Three Suggestions for Improving the Coordination of Care Between Specialists

For several weeks, our client Melissa was becoming increasingly frustrated and concerned. Not only was she planning for major heart surgery, she was also gaining weight, having trouble breathing and feeling “tired all the time.” On top of all that, she felt that her doctors weren’t listening to her and were not even communicating well with one another.

Unfortunately, this type of frustration and confusion is not uncommon. With complicated medical issues in particular, there are necessarily many specialists and other professionals involved. It’s easy to feel lost in the mix.

With that in mind, we offered three suggestions to Melissa.

First, take a holistic view.

In speaking with Melissa, it became apparent that she was self-selecting what information to share, based on which specialist she was meeting with. During her appointment with her cardiologist, for example, she would focus only on her heart. When speaking with her kidney doctor (nephrologist), she only shared information related to her renal system.

As a result, none of these physicians had a complete, holistic view of Melissa’s condition. In her effort to “streamline” the process she was inadvertently withholding important information related to her weight gain, fatigue, and more, all of which were important to assessing her overall health.

Some of the specifics we suggested she share with all specialists:

“I can only walk 30 feet before I have to sit down”

“I’ve gained six pounds since our last visit and my ankles are puffy.”

“I can only do things for a short period of time. I’m so exhausted I can’t even enjoy my bridge game.”

Over the next month, and thanks to our coaching, Melissa realized that her job was to clearly, concisely and accurately describe what was going on with her entire body, regardless of which specialist she was meeting.

Second, use your primary care provider as your point person.

When coordinating care among a variety of specialists, a primary care provider’s perspective, medical knowledge, and long-term relationship with the patient, are invaluable. Prior to our conversations, however, Melissa was attempting to manage all of this coordination on her own.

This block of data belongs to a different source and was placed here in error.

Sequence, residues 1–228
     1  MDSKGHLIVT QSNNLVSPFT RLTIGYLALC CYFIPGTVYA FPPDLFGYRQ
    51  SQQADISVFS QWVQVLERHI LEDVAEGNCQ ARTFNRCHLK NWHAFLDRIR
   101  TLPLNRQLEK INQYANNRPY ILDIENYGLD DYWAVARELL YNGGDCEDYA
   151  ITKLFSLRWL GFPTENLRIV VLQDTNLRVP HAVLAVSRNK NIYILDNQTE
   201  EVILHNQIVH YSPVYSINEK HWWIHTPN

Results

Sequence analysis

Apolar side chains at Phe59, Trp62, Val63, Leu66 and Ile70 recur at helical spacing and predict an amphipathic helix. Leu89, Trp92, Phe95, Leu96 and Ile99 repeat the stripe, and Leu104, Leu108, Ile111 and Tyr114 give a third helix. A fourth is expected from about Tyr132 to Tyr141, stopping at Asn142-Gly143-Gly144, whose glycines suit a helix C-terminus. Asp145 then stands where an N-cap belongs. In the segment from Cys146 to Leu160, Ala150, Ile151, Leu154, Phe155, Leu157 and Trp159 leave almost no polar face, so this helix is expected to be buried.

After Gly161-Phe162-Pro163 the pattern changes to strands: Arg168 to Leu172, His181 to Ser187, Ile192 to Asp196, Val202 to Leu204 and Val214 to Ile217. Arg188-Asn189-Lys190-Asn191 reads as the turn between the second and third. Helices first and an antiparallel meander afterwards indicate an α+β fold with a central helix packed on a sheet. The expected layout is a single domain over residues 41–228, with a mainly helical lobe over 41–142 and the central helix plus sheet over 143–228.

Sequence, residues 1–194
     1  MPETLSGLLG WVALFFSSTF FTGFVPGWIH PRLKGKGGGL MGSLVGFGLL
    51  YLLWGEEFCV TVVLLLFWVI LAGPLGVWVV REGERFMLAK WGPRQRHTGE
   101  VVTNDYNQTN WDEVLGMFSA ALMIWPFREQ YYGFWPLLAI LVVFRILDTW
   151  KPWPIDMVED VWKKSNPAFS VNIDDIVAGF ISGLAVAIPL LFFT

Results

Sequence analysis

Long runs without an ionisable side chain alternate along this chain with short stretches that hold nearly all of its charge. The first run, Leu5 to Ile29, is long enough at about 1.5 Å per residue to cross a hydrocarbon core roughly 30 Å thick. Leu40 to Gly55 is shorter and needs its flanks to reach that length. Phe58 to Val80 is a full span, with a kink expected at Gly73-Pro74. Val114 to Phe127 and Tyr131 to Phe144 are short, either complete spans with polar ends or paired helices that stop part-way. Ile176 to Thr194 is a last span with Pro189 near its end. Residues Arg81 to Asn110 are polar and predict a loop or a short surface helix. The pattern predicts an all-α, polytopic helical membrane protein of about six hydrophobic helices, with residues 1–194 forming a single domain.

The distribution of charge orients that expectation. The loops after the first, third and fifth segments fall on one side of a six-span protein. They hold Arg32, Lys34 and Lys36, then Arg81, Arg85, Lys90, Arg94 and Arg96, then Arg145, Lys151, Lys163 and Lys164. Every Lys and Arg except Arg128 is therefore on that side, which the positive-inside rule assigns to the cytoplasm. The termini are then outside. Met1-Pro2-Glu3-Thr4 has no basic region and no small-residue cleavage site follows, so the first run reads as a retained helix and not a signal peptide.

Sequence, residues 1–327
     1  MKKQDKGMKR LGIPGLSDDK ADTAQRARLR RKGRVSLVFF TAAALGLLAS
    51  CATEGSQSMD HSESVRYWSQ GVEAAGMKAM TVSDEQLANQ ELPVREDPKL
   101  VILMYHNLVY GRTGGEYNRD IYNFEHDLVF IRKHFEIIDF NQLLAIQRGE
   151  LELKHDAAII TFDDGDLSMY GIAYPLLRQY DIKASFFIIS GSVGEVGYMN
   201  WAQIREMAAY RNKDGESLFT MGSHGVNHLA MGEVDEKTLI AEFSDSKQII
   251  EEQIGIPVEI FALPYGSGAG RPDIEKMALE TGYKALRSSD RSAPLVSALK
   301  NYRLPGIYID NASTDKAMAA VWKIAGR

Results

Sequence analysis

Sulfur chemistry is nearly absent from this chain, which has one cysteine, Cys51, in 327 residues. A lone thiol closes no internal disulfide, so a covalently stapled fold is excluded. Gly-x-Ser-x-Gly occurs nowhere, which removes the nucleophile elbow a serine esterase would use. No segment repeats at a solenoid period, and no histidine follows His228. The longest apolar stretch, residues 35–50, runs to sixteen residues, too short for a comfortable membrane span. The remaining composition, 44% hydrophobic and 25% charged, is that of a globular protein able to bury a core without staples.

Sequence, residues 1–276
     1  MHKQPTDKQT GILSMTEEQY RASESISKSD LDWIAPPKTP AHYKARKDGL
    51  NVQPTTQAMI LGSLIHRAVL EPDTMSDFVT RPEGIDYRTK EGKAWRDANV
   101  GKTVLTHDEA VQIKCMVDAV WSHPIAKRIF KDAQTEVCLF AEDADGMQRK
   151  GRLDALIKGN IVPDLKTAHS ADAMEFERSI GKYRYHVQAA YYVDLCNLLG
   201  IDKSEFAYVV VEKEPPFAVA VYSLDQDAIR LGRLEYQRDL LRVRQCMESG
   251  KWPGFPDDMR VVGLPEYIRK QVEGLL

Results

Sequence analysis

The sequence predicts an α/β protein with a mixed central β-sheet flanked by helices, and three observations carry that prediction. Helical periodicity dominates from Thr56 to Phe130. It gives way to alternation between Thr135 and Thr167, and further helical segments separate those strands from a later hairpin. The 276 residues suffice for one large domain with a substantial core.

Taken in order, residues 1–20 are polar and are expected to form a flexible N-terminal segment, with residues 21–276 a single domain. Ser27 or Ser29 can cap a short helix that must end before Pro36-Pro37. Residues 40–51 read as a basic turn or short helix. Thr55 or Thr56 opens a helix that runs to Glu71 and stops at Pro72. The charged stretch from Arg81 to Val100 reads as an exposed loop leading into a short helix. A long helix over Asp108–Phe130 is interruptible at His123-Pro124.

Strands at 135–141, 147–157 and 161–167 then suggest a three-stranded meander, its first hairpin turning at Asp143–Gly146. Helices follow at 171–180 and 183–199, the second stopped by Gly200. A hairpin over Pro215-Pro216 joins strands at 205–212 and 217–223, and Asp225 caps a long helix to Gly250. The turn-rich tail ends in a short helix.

We suggested a different approach, one in which Melissa used her primary care provider as her care coordinator and referral source — someone who could facilitate communication between her cardiologist, nephrologist, and others (physician to physician, and with all the necessary information communicated clearly).

This freed up Melissa to focus more on her health and less on playing information traffic cop!

Third, develop an agenda for all appointments.

We’ve written many times before about the importance of creating and following an agenda in medical appointments. An agenda accomplishes a number of things, particularly when accompanied by clear and specific language:

  • “Leveling the playing field” — not only does your physician have an agenda but you are conveying that you have one as well. (“I prepared this agenda so we can be sure to touch on the topics I’d like to talk about.”)
  • Conveying the key topics, priorities, issues, concerns, questions in your own words. (“I need to discuss my weight and extreme fatigue.”)
  • Allowing you to let the physician know you need him/her to view you as a “whole person” and not an organ or system. (“I know that you are a specialist, but it’s really important that you view me as a whole person.”)
  • Facilitating the communication of your expectations. (“It’s my expectation that when we leave here today we have a plan in place and we are both clear on next steps.”)
  • Confirming what specialists know about each other and their view of working as a team. (“My perception is that my specialists aren’t speaking to each other. How can we facilitate better communication?”)
  • Clarifying how information will be shared among team members. (“Would it be possible for you to call Dr. Jones and speak about my kidney issues? And then get back to me after that conversation?”)

For more specifics on creating and using an agenda effectively, see our newsletter from February, 2013.


Clear communication between yourself and your physician can sometimes be difficult, even under the best of circumstances. When one or more specialists are involved, things can become even more complicated and the opportunity for miscommunication and frustration even more acute.

As an empowered and active participant in your own health care, these three steps will help ensure that you receive the best care possible.